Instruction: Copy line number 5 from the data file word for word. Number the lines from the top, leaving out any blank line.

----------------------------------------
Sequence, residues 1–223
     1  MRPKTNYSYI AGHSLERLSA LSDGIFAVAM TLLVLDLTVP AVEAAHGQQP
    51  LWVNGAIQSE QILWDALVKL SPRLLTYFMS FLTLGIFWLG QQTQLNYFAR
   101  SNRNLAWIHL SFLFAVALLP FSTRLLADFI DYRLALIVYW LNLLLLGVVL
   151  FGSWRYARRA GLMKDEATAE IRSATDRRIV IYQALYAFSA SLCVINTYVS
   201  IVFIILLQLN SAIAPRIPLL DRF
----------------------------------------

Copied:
   151  FGSWRYARRA GLMKDEATAE IRSATDRRIV IYQALYAFSA SLCVINTYVS